Article

Brain dysfunctions during facial discrimination in schizophrenia: Selective association to affect decoding

Department of Psychiatry and Biobehavioral Sciences, UCLA, Los Angeles CA 90095, USA.
Psychiatry Research (Impact Factor: 2.68). 01/2011; 191(1):44-50. DOI: 10.1016/j.pscychresns.2010.09.005
Source: PubMed

ABSTRACT Schizophrenia patients exhibit impaired facial affect perception, yet the exact nature of this impairment remains unclear. We investigated neural activity related to processing facial emotional and non-emotional information and complex images in 12 schizophrenia patients and 15 healthy controls using functional magnetic resonance imaging. All subjects performed a facial information processing task with three conditions: matching facial emotion, matching facial identity, and matching complex visual patterns. Patients and controls showed comparable behavioral performance in all task conditions. The neural activation patterns in schizophrenia patients and healthy controls were distinctly different while processing affect-related facial information but not other non-emotional facial features. During emotion matching, orbital frontal cortex and left amydala activations were found in controls but not in patients. When comparing emotion versus identity matching, controls activated the fusiform and middle temporal gyri, left superior temporal gyrus, and right inferior and middle frontal gyrus, whereas schizophrenia patients only activated the middle and inferior frontal gyri, the frontal operculi and the right insular cortex. Our findings suggest that schizophrenia patients and healthy controls may utilize different neural networks when processing facial emotional information.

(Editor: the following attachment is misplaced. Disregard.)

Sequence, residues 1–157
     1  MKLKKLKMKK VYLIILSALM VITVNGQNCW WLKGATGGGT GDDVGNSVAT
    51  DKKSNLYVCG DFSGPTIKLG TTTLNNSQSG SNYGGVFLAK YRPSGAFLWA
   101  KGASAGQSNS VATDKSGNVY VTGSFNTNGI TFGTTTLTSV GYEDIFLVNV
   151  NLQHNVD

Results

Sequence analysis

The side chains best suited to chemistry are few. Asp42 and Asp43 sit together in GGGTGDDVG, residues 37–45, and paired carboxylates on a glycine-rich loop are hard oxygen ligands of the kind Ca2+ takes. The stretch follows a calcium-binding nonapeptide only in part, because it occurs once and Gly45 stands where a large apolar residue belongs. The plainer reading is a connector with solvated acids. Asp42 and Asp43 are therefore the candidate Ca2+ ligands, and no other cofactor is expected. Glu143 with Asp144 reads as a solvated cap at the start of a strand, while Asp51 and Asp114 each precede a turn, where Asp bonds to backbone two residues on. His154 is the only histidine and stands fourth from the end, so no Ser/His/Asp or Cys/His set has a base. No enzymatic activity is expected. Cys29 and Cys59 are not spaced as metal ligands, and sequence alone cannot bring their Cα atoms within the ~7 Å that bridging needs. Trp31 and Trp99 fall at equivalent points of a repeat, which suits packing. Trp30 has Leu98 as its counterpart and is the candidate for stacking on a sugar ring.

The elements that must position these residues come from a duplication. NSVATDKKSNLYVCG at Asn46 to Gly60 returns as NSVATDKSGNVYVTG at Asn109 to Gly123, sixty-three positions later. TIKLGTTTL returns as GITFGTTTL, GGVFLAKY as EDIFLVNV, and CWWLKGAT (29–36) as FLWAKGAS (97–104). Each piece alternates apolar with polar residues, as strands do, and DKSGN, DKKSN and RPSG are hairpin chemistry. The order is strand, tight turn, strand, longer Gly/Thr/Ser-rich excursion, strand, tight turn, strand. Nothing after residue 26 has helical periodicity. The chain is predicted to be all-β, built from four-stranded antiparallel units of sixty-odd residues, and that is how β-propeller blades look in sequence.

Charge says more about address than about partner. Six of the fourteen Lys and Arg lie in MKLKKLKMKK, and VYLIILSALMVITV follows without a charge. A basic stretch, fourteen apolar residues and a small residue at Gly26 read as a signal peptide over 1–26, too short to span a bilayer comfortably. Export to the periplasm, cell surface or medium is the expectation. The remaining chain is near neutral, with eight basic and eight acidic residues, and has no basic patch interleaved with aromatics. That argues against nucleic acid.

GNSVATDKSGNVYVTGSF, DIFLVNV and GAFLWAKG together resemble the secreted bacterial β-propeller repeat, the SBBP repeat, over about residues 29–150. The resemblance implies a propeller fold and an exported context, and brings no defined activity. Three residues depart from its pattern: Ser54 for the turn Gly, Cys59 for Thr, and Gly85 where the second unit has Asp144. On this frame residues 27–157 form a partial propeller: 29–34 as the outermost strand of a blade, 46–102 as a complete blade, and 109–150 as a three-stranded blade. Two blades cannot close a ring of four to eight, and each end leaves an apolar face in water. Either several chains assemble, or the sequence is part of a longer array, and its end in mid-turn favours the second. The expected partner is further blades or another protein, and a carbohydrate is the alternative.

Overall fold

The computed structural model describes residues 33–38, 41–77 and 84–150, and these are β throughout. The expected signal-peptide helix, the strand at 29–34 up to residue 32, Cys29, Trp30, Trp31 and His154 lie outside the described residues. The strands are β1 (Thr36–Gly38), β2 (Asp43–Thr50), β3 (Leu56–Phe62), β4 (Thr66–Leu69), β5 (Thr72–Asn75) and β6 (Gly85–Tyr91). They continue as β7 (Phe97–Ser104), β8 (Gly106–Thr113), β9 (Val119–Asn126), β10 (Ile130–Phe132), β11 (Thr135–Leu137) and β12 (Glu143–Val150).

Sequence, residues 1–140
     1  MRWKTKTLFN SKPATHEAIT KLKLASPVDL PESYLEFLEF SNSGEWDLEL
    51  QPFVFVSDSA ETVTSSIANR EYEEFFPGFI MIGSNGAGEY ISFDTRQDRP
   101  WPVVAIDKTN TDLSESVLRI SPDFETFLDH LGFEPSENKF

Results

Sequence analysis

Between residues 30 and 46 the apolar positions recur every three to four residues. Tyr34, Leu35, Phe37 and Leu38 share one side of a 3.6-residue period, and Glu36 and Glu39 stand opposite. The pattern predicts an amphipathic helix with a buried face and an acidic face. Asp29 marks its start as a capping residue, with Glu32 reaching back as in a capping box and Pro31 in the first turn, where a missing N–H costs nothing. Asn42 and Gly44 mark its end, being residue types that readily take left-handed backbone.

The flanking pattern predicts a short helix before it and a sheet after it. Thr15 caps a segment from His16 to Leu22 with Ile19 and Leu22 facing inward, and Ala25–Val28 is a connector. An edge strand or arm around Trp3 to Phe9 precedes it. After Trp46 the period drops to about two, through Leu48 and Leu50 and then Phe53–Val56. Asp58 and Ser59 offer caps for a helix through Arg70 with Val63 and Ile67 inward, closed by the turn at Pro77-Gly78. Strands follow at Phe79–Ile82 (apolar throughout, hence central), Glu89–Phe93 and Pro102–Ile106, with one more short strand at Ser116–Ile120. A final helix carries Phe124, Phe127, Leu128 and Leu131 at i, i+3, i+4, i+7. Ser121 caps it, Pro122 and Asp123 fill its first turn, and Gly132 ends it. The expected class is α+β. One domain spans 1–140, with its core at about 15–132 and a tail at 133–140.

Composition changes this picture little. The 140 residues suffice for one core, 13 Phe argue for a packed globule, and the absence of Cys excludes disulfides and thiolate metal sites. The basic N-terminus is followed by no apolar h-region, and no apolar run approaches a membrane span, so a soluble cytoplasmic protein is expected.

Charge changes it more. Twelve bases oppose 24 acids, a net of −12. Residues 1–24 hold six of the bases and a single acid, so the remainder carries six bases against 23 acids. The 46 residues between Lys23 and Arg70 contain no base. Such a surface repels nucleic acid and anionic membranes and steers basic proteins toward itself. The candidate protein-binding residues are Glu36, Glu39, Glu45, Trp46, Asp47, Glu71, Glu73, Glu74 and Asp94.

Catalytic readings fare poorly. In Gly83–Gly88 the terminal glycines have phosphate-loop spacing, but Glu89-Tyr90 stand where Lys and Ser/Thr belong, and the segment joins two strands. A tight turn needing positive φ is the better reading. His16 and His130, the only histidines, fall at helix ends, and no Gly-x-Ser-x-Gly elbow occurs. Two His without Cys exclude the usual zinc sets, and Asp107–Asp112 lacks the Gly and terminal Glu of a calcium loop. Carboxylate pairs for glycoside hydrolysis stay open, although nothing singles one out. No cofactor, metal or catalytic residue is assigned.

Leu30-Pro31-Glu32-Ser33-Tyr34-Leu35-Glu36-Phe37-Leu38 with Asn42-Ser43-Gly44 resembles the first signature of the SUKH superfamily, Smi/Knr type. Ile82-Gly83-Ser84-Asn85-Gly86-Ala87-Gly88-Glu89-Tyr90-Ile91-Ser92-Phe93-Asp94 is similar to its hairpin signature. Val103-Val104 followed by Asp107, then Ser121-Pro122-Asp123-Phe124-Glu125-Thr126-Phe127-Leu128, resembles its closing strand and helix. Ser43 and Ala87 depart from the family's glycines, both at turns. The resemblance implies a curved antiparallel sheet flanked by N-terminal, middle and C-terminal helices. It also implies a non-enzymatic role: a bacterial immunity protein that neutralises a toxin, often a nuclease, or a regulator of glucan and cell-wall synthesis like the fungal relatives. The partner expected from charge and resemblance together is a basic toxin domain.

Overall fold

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    • "However, while changes in amygdala activation were observed irrespective of task, the fusiform gyrus was less activated only in explicit tasks. Similar results are reported in a recent study by Quintana et al. (2011), who report underactivation in the fusiform gyrus only when attention is directed to emotional features of a stimulus. These findings further support the notion that at least two separate systems are impaired in emotion processing in patients with schizophrenia: a fast, pre-attentive system , involving the amygdala and its surrounding network , and, at least in visual emotion perception, an attention-modulated system, which also seems deficient but is only involved when participants have to consciously process facial features. "
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